If you are looking for U.S. grant funding, it's important to know the difference between a private foundation and a public charity.

Private foundations

A private foundation is a non-governmental, nonprofit organization or charitable trust. Its principal fund usually comes from a single source, such as an individual, family, or corporation. The fund is managed by the foundation's own trustees or directors. A private foundation does not solicit funds from the public.

More often than not, private foundations use their money to make grants to other nonprofit organizations. To qualify for and keep their U.S. tax exempt status under Section 501(c)(3) of the Internal Revenue Service Code, private foundations support charitable, educational, religious, or other activities serving the public good. That means if you want to apply for a grant from most private foundations, you need to have 501(c)(3) status or be fiscally sponsored by an organization that does.

All U.S. and foreign charities with 501(c)(3) status are automatically considered "private foundations" unless they demonstrates to the IRS that they have met the public support test. Broadly speaking, organizations that are not private foundations are public charities as described in the Internal Revenue Service Code.

Public charities

Funding or support for public charities generally comes, as the name implies, from the public. Public charities receive grants from individuals, government, and private foundations. Although some public charities give grants, most provide direct service or other tax-exempt activities.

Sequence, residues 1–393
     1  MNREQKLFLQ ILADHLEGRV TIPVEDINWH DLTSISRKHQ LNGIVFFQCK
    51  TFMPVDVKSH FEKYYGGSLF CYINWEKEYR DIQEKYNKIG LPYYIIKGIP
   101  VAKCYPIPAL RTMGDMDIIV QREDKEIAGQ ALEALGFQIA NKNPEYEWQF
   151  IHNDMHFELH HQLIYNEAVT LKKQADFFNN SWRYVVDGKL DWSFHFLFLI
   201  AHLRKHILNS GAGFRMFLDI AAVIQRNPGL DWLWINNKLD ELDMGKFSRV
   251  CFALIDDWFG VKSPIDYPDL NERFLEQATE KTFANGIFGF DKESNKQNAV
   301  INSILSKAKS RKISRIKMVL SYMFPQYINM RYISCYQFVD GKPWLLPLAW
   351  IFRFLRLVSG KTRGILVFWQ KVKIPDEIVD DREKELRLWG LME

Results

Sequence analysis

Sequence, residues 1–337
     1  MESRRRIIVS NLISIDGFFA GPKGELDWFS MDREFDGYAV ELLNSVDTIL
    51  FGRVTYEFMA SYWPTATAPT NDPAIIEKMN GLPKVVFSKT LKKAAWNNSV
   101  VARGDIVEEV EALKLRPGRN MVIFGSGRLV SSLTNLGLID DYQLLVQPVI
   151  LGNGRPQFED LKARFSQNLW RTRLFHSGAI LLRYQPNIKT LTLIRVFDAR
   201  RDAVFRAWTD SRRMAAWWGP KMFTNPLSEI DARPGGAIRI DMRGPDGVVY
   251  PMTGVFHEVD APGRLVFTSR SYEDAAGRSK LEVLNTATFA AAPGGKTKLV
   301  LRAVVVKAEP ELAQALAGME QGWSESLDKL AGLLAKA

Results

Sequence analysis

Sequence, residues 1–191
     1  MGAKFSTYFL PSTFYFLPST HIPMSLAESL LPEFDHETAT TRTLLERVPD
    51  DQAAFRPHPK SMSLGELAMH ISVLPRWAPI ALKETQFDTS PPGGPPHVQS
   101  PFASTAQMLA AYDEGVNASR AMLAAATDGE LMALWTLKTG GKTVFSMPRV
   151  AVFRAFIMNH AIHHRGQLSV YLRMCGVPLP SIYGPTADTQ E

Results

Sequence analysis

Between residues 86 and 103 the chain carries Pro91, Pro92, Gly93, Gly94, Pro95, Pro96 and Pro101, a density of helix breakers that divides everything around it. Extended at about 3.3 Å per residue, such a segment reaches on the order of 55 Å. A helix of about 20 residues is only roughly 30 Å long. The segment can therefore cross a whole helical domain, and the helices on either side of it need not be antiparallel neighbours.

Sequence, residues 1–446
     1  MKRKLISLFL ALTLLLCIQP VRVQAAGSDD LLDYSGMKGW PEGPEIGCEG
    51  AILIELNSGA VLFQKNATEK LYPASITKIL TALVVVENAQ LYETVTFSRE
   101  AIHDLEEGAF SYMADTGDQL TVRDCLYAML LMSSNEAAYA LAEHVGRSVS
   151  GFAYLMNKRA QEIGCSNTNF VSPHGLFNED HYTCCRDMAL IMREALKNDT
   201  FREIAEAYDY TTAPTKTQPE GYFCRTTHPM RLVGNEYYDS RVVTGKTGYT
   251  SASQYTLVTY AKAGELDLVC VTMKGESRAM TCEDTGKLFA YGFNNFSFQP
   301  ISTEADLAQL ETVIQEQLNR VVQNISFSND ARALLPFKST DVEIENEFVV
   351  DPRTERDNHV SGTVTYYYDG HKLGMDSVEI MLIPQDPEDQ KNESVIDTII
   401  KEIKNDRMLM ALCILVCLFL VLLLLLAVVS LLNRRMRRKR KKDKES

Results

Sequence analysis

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Why should grantseekers know the difference?

Understanding a funder's giving history is an important part of figuring out who might give you money. Past grants can show you which funders care about what you do and how much money they tend to give.

A private foundation's giving history is public record, so its past grants are easier to find. It must disclose all grantees and grant amounts in its IRS Form 990-PF.

A public charity that makes grants doesn't have to make that information known to the public. Access to its grants data will depend on how much the funder is willing to share with the public on its Form 990, website, or other communication channels.

If a grantmaking public charity doesn't provide a grants list in its Form 990, explore its website or search the Internet for the funder's name to find any related news or press releases, some of which may be about grants that it made.

You can also find information about thousands of grantmaking public charities with Foundation Directory Online Professional (FDO), the highest level of access on Foundation Center's searchable database. In the drop-down menu of the "Organization Type" field, click on "Non-governmental organizations (grantmaker)" to reveal another drop-down menu, and then select "Public charities (grantmaking)." Subscribe to FDO Professional for access anywhere, or use it for free at our 400+ Funding Information Network locations.

A word about "foundation"

Don't assume that an organization with "foundation" in its name is a grantmaker. The word "foundation" has no legal definition.

Topic(s) Foundation Giving

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